Dursban, also known as chlorpyrifos, is an organophosphate pesticide that kills insects by attacking their nervous system. If ingested by humans, it can result in neurological injuries in children, birth defects, and other illnesses.
The chemicals in this nerve toxin were first developed in the 1930’s by the Nazi regime as chemical weapons.
This toxic chemical was one of the most popular household pesticide in the U.S., and was unfortunately used in about 800 products.
More than 90 percent of American children who took part in a study group had chlorpyrifos present in their urine.
Neurological Disorders due to of Exposure to Dursban
Inhalation, skin contact or ingestion of Dursban impacts the respiratory system, central nervous system, and the cardiovascular system.
However, severe poisoning affects the central nervous system resulting in:
- Lack of coordination
- Slurred speech
- Loss of reflexes
- Muscles contractions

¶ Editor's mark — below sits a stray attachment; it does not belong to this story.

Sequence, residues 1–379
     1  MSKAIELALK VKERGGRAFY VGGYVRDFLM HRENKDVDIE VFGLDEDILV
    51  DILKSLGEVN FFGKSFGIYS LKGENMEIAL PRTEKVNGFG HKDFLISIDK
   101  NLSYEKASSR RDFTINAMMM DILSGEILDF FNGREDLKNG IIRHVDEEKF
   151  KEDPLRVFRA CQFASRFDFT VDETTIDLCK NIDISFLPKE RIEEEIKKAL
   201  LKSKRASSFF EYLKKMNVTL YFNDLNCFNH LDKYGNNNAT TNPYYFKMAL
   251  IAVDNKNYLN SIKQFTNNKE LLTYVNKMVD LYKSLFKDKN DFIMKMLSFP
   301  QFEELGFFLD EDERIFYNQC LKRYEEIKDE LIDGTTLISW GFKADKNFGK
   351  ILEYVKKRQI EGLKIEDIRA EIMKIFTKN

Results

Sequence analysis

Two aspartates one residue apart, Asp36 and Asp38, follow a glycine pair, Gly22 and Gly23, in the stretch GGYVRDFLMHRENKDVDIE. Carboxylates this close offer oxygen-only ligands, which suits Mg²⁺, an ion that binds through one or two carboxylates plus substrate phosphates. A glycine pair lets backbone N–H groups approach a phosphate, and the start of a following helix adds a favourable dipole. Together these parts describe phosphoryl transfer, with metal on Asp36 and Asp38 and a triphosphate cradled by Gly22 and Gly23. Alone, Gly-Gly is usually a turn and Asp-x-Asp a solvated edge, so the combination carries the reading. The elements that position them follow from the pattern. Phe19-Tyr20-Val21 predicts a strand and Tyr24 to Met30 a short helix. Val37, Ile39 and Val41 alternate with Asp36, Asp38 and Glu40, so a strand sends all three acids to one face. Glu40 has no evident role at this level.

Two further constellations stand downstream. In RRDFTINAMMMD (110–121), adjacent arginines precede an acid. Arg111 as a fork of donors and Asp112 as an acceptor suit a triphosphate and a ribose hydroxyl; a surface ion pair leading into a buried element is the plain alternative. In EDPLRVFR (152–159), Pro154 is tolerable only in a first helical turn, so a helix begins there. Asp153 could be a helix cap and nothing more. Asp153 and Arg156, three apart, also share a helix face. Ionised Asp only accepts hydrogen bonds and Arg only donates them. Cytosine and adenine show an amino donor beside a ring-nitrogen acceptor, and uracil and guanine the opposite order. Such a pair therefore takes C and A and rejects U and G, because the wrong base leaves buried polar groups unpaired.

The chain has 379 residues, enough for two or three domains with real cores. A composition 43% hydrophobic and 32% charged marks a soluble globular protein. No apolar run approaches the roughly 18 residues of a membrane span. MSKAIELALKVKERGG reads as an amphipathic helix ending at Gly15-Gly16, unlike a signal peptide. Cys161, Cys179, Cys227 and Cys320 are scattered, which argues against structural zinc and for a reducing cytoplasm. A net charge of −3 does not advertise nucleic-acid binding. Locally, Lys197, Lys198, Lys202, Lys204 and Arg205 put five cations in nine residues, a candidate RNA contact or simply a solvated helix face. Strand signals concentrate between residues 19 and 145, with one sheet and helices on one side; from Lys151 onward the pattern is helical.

- Tremors of the tongue or eyelids
Damage to the retina, reduced peripheral vision, and impaired visual awareness have been reported in children as well.
Organophosphates, like Dursban, interfere with the function of the nervous system by meddling with neurotransmitters, including muscarinic, nicotinic, and brain nerve transmitters.
Muscarinic nerve receptors, which are located in organs like the heart and other smooth muscle organs, become altered, resulting in symptoms like wheezing, nausea, abdominal cramps, visual disturbances, and vomiting.
According to reports Dow was fined $732,000 for not sending the EPA it’s reports on certain Dursban poisoning incidents.
Dow was in the hot seat again in 2003, after the state of New York filed suit against them for repeatedly violating a 1994 agreement that prohibited advertising that flaunted the safety of its products.
An investigation found that immediately after the company entered the agreement they began to mislead the public about the safety of their product in print, video and internet advertising.